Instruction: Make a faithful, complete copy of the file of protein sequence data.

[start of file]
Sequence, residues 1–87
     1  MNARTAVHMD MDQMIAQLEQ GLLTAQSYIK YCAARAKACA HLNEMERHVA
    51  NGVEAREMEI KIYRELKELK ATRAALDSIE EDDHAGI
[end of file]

Sequence, residues 1–87
     1  MNARTAVHMD MDQMIAQLEQ GLLTAQSYIK YCAARAKACA HLNEMERHVA
    51  NGVEAREMEI KIYRELKELK ATRAALDSIE EDDHAGI